David Stagg of Graf UK looks at a key environmental responsibility issue which is hitting developments across the UK – namely nutrient over-enrichment from sewage – and what housebuilders can do to address the issue.
Two years ago, Natural England advised a number of local authorities in the Solent catchment area to halt the determination of planning applications unless the developments could prove they were ‘nutrient neutral.’ Concerns about the effects of nutrient over-enrichment within some European-designated nature conservation areas, including those in the Solent and Poole Harbour, have existed for many years.
However, Natural England has now updated its advice on the complex issue following a judgement by the European Court of Justice in two linked cases related to the EU Habitats Directive; these are now known as the Dutch nitrogen case, or even more simply, the Dutch case.
The ruling has meant even greater scrutiny of the water quality of Special Areas of Conservation (SAC) and Special Protection Areas (SPA) across the UK, with the building of residential properties particularly being linked to excess nutrients entering nearby water sources.
High levels of these nutrients, which come directly from wastewater treatment discharges and indirectly from farm drainage/runoff, and sewage or silage systems, enter streams and rivers, causing excessive growth of green algae which smothers rare habitats and wildlife.
While the construction industry largely ignored the advice at the time, thousands of planning applications (for tens of thousands of much-needed new homes) now remain on hold while housebuilders and developers struggle to find a long-term viable solution. Some local authorities are even dismissing appeals for single dwellings if the schemes cannot be shown to be nutrient neutral.
Morgan Sindall even managed to persuade Hampshire County Council that its Later Living £13m Addenbrooke extra-care scheme in Gosport could be nutrient neutral with the installation of water-saving flow regulators, at a cost of £50,000.
Another idea is to take farmland out of agricultural production and get developers to turn it into nature reserves – against which they could buy credits to offset their nitrate discharge. It’s a slant on carbon neutrality, but comes at a cost to them of £1,235 per kilo of nitrogen. And this is not an option for brownfield sites because they will not result in any agricultural land being taken out of production.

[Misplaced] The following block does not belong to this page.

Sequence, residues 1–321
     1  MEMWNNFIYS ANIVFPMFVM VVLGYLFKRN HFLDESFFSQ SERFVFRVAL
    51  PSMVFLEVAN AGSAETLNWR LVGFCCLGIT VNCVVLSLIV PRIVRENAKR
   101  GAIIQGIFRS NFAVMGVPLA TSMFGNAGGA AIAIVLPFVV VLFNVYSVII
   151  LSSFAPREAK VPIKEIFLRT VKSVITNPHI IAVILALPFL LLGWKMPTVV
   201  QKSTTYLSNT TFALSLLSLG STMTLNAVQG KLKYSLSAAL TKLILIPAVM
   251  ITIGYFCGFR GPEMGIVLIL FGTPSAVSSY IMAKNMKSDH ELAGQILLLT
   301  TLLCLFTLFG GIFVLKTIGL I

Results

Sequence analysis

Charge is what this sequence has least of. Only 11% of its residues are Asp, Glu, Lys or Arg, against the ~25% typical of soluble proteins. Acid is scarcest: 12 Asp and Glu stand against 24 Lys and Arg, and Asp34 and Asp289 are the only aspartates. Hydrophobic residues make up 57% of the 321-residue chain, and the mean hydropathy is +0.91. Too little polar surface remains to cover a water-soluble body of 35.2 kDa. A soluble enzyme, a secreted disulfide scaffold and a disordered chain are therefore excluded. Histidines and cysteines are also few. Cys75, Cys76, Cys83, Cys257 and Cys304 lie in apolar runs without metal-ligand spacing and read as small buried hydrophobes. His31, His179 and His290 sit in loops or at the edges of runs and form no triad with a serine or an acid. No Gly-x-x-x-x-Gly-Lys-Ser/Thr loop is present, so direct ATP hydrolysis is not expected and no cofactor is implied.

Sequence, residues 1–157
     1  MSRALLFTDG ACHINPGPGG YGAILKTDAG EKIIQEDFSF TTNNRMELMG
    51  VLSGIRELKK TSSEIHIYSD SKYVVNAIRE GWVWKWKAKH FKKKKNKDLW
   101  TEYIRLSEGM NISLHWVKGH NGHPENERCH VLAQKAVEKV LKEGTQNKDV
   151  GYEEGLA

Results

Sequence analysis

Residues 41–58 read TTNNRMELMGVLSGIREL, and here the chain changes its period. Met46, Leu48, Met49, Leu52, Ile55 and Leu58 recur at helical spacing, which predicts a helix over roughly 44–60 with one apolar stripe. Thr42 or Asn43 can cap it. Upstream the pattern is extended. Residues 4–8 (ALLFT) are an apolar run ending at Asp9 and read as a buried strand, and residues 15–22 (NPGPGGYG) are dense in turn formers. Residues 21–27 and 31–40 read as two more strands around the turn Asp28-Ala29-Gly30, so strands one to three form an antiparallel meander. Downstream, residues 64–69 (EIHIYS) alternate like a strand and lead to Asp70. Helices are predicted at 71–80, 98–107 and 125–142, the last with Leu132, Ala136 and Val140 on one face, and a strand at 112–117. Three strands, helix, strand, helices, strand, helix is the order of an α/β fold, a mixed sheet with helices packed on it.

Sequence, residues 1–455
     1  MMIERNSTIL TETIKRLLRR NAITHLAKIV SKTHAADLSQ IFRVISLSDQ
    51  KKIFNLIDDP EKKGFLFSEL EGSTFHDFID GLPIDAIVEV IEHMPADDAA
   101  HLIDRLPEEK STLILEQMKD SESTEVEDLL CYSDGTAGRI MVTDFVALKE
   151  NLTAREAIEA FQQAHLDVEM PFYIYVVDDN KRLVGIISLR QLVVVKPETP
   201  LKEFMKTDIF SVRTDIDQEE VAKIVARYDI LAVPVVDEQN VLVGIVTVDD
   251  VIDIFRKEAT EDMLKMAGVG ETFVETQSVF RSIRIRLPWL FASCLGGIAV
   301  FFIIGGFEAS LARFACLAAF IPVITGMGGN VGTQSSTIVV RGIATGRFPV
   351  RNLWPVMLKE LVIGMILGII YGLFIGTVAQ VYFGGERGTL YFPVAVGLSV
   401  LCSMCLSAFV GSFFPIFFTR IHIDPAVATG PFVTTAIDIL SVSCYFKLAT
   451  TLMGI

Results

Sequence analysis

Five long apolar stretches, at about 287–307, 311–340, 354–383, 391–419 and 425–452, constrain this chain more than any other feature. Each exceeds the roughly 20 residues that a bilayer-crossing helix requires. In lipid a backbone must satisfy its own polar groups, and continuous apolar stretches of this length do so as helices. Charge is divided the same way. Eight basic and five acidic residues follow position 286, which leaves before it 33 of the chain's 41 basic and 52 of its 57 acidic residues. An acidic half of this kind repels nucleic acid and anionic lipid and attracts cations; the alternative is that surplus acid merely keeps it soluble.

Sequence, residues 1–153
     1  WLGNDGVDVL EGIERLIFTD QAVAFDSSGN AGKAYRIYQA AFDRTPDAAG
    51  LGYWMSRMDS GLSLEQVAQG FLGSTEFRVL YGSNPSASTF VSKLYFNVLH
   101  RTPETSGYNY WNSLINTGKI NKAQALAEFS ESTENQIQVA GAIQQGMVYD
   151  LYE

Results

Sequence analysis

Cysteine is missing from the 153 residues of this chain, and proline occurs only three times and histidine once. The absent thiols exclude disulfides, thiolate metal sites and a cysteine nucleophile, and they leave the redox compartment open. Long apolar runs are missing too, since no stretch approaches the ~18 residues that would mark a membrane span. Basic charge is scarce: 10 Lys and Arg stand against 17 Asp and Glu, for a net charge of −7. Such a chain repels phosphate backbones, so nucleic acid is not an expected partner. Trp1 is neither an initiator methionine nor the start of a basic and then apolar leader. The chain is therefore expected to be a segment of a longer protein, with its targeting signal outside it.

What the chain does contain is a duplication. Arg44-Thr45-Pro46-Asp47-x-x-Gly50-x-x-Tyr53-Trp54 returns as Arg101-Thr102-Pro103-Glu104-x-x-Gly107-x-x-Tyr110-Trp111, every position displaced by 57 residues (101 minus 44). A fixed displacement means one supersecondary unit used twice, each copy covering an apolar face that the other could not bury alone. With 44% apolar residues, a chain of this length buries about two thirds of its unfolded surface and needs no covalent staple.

A VIABLE SOLUTION
However, a long-term viable solution already exists. The development of this technology was implemented more than 15 years ago in Scandinavia, where the phosphate element of nutrient elimination is already common practice.
More than 5,000 wastewater treatment systems with this technology have already been supplied into Scandinavia to meet these challenging discharge constraints (as with the more challenging nitrate removal in Sweden). This includes achieving an independently tested (PIA GmbH) 0.4mg/l of phosphate removal, only days after commissioning.
Reductions in phosphates as low as 0.2mg/l have been achieved on an installation at the award-winning Scottish attraction Loch Leven’s Larder – a working farm, restaurant, deli, gift shop and playground on the banks of Loch Leven, which attracts more than 300 visitors a day in high season. Renowned for its wintering and breeding wildfowl, the Loch has been designated an EU Special Protection Area by SEPA (the Scottish Environment Protection Agency).
To comply with SEPA’s particularly stringent phosphate and nitrate discharge requirements, the attraction needed to replace its deficient wastewater treatment system with one that limited phosphate discharge to 2 mg/l. The new system is now up and running and is operating to 0.2 mg/l.
Either a single-chamber tank featuring a single pumping process, or a split chamber version which utilises multiple pumping processes, can be specified. The system’s performance has proven extremely effective, processing the waste up to a 99% treatment coefficient. The technology can also be combined with precast concrete tanks. Both tank options use sequence batch reactor (SBR) airlift technology; widely recognised as being highly efficient for wastewater treatment and resulting in extremely low volumes of sewage sludge.
The process is wholly controlled in the tank, with precipitants attaching themselves to the phosphate so they sink to the bottom of the chamber for removal by normal desludging.
Another benefit of more advanced systems is having ‘underload’ detection as standard – this can enable efficient operation with up to 75 per cent underload. This is a benefit particularly for second homes which are often left unoccupied for long periods of time.
Carbon dosing is an additional option which can aid nitrate removal by adding a carbon (sugar) solution to the system which feeds/stimulates the micro-organisms, so they continue to produce high-quality effluent during underload. If the system is likely to drop below the 75% underload threshold, the dosing makes up the shortfall to ensure low-odour and even odourless treatment and extended times between tank emptying.
Natural England’s focus on nutrient neutrality is now moving from Hampshire to Herefordshire, Kent, Dorset and Somerset (where there are currently 1,000 developments on hold), forcing some local planning authorities to propose their own, immediate/short-term solutions. And Natural Resources Wales (NRW) are believed to be taking on nutrient neutrality across the whole country, centred around 11 river regions. It’s just as well a long-term viable solution is available that knows no borders!
David Stagg is a technical product specialist at Graf UK